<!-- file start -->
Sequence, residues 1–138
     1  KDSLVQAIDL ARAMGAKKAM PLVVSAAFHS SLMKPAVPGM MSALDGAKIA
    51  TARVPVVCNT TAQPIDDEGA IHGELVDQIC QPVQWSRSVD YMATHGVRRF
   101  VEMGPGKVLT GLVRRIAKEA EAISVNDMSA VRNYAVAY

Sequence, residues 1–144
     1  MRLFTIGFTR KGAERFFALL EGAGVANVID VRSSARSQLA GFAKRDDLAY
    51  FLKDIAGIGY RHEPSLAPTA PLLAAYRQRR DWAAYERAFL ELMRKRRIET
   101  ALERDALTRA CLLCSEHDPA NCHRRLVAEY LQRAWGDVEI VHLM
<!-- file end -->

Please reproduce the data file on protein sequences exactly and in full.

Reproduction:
Sequence, residues 1–138
     1  KDSLVQAIDL ARAMGAKKAM PLVVSAAFHS SLMKPAVPGM MSALDGAKIA
    51  TARVPVVCNT TAQPIDDEGA IHGELVDQIC QPVQWSRSVD YMATHGVRRF
   101  VEMGPGKVLT GLVRRIAKEA EAISVNDMSA VRNYAVAY

Sequence, residues 1–144
     1  MRLFTIGFTR KGAERFFALL EGAGVANVID VRSSARSQLA GFAKRDDLAY
    51  FLKDIAGIGY RHEPSLAPTA PLLAAYRQRR DWAAYERAFL ELMRKRRIET
   101  ALERDALTRA CLLCSEHDPA NCHRRLVAEY LQRAWGDVEI VHLM